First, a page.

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    • Chaitanya Chavali et al Int. Journal of Engineering Research and Applications ISSN : 2248-9622, Vol. 4, Issue 2( Version 2), February 2014, pp.43-49 RESEARCH ARTICLE Data Sharing Framework www.ijera.com OPEN ACCESS Using Cloud Information Accountability Chaitanya Chavali*, Lakshmi Prasad Koyi**, Dr.C. S Kumar***, Dr. N. Raghava Rao**** *Department of Computer Science and Engineering, QIS College of Engineering and Technology, Ongole523272. **Assistant Professor, Department of Computer Science and Engineering, QIS College of Engineering and Technology. *** Professor, Department of Computer Science and Engineering, QIS College of Engineering and Technology. ****Professor, Department of Computer Science and Engineering, QIS College of Engineering and Technology. Abstract Cloud Information Accountability (CIA) framework, based on the notion of information accountability. Unlike privacy protection technologies, information accountability focuses on keeping the data usage transparent and traceable. Our proposed CIA framework provides end-to end accountability in a highly distributed fashion. One of them an innovative feature of the CIA framework lies in its ability of maintaining lightweight and powerful accountability that combines aspects of access control, usage control and authentication, and security issues. Index Terms: Cloud computing, Framework, Accountability, Data sharing, Cloud Service Provider. I. INTRODUCTION Cloud computing is the use of computing resources(H/w & S/w) that are delivered as a service over a network (typically the internet).Cloud computing refers to the delivery of computing and storage capacity as a services to a heterogeneous community of end-recipients the name comes from the use of clouds as an abstraction for the complex infrastructure. It provides remote services with a user’s data, software and computation over a network. Cloud computing is the newest term for the longdreamed vision of computing as a utility. Cloud computing is scalable services. Cloud computing is a computing platform that resides in a large data center and is able to dynamically provide servers the ability to address a wide range of needs, ranging from scientific research to e-commerce. Cloud computing is expanding rapidly as service used by a great many individuals and organizations internationally, policy issues related to cloud computing. Details of the services provided are abstracted from the users who no longer need to be experts of technology infrastructure. Moreover, users may not know the machines which actually process and host their data. While enjoying the convenience brought by this new technology, users also start worrying about losing control of their own data. The data processed on clouds are often outsourced, leading to a number of issues related to accountability, including the handling of personally identifiable information. It is www.ijera.com necessary to provide an effective mechanism for users to monitor the usage of their data in the cloud. For example, users need to be able to ensure that their data are handled according to the service level agreements made at the timeThey sign on for services. Conventional access control approaches developed for closed domains such as Databases and operating systems, or approaches using a centralized server in distributed environments, are not suitable, due to the following features characterizing cloud environments. First, data handling can be outsourced by the direct cloud service provider (CSP) to other entities in the Cloud and these entities can also delegate the tasks to others, and so on. Outsourcing of data processing invariably raises governance and accountability questions. Second, entities are allowed to join and leave the cloud in a flexible manner. As a result, data handling in the cloud goes through a complex and dynamic hierarchical service chain which does not exist in conventional environments. Cloud computing is expanding rapidly as service used by a great many individuals and organizations internationally, policy issues related to cloud computing. We propose a, namely Cloud Information Accountability (CIA) framework, based on the notion of information accountability. Privacy protection technologies built on the hide-it-or-lose-it perspective, information accountability focuses on keeping the data usage transparent and track able. 43 | P a g e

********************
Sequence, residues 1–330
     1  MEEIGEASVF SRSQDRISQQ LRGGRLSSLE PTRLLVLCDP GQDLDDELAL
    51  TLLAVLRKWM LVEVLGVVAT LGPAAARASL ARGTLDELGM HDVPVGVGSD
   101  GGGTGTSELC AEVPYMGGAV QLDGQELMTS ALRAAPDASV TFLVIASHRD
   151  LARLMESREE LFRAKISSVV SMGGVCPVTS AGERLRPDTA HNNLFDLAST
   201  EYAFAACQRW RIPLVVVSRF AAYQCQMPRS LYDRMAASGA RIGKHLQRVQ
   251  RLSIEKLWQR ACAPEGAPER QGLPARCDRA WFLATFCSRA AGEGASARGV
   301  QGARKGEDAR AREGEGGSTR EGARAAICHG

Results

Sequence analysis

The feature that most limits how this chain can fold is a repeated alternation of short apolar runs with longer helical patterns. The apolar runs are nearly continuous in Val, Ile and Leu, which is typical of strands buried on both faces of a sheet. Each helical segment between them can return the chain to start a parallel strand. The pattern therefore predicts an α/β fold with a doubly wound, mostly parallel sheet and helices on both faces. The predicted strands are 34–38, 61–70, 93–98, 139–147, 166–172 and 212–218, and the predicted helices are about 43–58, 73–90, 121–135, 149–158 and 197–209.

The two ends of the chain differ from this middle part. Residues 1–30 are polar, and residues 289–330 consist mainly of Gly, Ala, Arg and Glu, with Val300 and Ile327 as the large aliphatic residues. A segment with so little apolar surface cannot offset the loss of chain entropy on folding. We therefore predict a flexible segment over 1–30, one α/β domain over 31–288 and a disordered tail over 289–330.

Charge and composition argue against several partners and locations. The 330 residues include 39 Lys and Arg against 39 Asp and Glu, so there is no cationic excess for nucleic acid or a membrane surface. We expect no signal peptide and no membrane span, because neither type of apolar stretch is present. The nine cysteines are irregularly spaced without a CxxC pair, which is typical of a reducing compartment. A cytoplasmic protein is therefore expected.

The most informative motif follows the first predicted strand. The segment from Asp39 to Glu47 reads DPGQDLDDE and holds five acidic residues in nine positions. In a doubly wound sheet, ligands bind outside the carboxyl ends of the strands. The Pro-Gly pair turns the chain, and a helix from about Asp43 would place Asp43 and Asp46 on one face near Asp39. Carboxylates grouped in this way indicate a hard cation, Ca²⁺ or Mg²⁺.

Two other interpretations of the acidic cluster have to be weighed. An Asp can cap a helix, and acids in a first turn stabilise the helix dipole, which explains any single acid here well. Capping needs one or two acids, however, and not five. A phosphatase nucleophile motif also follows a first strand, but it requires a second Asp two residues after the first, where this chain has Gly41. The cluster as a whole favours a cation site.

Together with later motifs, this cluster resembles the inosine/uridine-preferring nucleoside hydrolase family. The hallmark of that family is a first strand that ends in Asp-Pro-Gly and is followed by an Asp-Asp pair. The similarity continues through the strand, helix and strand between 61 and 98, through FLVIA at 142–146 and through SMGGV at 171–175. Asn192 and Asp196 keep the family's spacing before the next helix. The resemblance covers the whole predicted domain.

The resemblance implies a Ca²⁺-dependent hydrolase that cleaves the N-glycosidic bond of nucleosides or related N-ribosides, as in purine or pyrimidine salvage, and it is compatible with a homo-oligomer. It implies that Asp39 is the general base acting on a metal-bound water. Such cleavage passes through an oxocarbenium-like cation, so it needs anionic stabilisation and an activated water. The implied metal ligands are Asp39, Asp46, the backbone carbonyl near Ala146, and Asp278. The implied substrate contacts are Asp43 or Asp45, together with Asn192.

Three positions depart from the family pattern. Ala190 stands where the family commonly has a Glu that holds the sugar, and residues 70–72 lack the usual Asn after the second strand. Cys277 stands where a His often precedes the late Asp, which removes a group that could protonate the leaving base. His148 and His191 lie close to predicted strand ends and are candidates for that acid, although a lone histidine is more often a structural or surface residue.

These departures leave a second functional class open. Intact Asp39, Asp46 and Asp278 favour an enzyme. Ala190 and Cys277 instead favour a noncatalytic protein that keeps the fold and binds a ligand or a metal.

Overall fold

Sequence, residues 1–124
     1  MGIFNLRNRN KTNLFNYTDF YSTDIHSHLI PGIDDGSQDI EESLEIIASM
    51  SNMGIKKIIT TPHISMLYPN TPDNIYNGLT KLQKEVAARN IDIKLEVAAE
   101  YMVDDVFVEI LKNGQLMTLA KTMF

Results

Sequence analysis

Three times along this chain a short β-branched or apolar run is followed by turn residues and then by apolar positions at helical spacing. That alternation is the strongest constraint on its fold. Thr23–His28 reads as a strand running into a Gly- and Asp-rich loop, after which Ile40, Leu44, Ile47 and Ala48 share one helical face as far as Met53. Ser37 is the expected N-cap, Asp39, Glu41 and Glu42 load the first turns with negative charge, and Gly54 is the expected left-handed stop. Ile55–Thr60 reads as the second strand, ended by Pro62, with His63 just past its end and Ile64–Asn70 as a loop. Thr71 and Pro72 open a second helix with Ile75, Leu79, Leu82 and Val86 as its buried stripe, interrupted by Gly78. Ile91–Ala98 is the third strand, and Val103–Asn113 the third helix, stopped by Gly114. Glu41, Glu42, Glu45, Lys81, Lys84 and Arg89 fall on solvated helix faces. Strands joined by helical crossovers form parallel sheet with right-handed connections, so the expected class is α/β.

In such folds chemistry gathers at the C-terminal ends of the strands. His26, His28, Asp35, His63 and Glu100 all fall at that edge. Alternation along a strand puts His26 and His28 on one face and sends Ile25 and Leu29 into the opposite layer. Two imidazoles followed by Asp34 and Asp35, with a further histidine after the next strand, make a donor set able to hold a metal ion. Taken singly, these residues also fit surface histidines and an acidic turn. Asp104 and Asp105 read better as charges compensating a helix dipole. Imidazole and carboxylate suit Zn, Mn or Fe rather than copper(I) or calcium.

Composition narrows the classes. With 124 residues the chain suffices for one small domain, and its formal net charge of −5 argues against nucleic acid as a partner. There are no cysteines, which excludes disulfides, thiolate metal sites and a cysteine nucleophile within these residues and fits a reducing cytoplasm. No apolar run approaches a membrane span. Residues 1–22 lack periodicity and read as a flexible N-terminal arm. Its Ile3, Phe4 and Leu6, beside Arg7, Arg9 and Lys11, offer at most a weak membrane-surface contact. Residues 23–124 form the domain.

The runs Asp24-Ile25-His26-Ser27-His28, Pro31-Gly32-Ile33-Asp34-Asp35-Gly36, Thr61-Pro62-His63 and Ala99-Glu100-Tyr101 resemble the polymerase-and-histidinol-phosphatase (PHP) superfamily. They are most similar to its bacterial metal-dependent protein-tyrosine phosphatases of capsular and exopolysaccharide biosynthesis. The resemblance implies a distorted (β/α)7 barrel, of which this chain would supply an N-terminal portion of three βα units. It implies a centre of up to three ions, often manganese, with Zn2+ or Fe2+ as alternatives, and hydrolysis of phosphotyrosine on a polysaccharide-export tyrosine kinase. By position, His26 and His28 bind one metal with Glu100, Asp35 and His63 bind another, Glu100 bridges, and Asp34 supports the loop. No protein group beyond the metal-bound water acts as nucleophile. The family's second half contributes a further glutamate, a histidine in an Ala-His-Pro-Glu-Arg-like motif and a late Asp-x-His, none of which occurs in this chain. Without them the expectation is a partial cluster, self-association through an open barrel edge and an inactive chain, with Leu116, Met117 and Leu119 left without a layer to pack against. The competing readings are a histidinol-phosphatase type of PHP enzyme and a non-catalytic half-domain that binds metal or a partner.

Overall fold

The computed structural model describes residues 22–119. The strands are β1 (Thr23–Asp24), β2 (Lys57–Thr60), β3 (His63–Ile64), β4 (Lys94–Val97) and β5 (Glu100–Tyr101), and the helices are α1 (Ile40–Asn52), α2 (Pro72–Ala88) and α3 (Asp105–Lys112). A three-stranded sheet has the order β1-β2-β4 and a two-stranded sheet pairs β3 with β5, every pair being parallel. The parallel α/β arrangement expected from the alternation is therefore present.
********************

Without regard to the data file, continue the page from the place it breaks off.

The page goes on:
• Chaitanya Chavali et al Int. Journal of Engineering Research and Applications ISSN : 2248-9622, Vol. 4, Issue 2( Version 2), February 2014, pp.43-49 Our proposed CIA framework provides end-to end accountability in a highly distributed fashion. One of the main innovative features of the CIA framework lies in its ability of maintaining lightweight and powerful accountability that combines aspects of access control, usage control and authentication. Data owners can track not only whether or not the servicelevel agreements are being honored, but also enforce access and usage control rules as needed. Associated with the accountability feature, we also develop two distinct modes for auditing: push mode and pull mode. The push mode refers to logs being periodically sent to the data owner or stakeholder while the pull mode refers to an alternative approach whereby the user (or another authorized party) can retrieve the logs as needed. The design of the CIA framework presents substantial challenges, including uniquely identifying CSPs, ensuring the reliability of the log, security issues, accountability (The Obligation of an individual(or) Organization to account for its activities, accept responsibility for them.), adapting to a highly decentralized infrastructure, etc. Our basic approach toward addressing these issues is to leverage and extend the programmable capability of JAR (Java Archives) files to automatically log the usage of the users’ data by any entity in the cloud. JAR file includes a set of simple access control rules specifying whether and how the cloud servers and possibly other data stakeholder’s are authorized to access the content itself. JAR will provide usage control associated with logging (or) will provide only logging associated with logging functionality. Users will send their data along with any policies such as access control policies and logging policies that they want to enforce, enclosed in JAR files, to cloud service providers. Any access to the data will trigger an automated and authenticated logging mechanism local to the JARs. We refer to this type of enforcement as “strong binding” since the policies and the logging mechanism travel with the data. This strong binding exists even when copies of the JARs are created; thus, the user will have control over his data at any location. Such decentralized logging mechanism meets the dynamic nature of the cloud but also imposes challenges on ensuring the integrity of the logging. To cope with this issue, we provide the JARs with a central point of contact which forms a link between them and the user. It records the error correction information sent by the JARs, which allows it to monitor the loss of any logs from any of the JARs. Moreover, if a JAR is not able to contact its central point, any access to its enclosed data will be denied. The results demonstrate the efficiency, scalability, and granularity of our approach. We also www.ijera.com www.ijera.com provide a detailed security analysis and discuss the reliability and strength of our architecture. The following new contributions. First, we integrated integrity checks and oblivious hashing (OH) technique to our system in order to strengthen the dependability of our system in case of compromised JRE. We also updated the log records structure to provide additional guarantees of integrity and authenticity. Second, we extended the security analysis to cover more possible attack scenarios. Third, we report the results of new experiments and provide a thorough evaluation of the system performance. Fourth, we have added a detailed discussion on related works to prepare readers with a better understanding of background knowledge. Finally, we have improved the presentation by adding more examples and illustration graphs. II. ENHANCING THE ACCOUNTABILITY Cloud computing may be a massive infrastructure which give several services to user while not installation of resources on their own machine. This is often the pay as you utilize model. Samples of the cloud services are Yahoo email, Google, Gmail and Hotmail. There are several users, businesses, government uses cloud, thus knowledge usage in cloud is massive. Thus knowledge maintenance in cloud is advanced. Several Artists desires to try to business of their art victimization cloud. As an example one amongst the creative person need to sell his painting victimization Cloud then he need that his paintings should be safe on cloud nobody will misuse his paintings. A. Cloud Ingredients There is need to be compelled to offer technique that is ready to audit information in cloud. On the idea of accountability, we've an inclination to projected one mechanism that keeps use information clear suggests that data owner got to get information regarding use of his information. This process support accountability in distributed area, data owner should not problem regarding his information, he may acknowledge his information is handled per service level agreement and his information is riskless on cloud. Data owner will determine the authorization principles and policies and user will handle information victimization this rule and logs of each information access are created. Throughout this mechanism there are unit two main parts i.e. logger and log harmonizer. The feller is with the data owner's information, it provides work access to information and encrypts log record by pattern public key that's given by data owner and send it to log harmonizer. The log harmonizer is taking part in the 44 | P a g e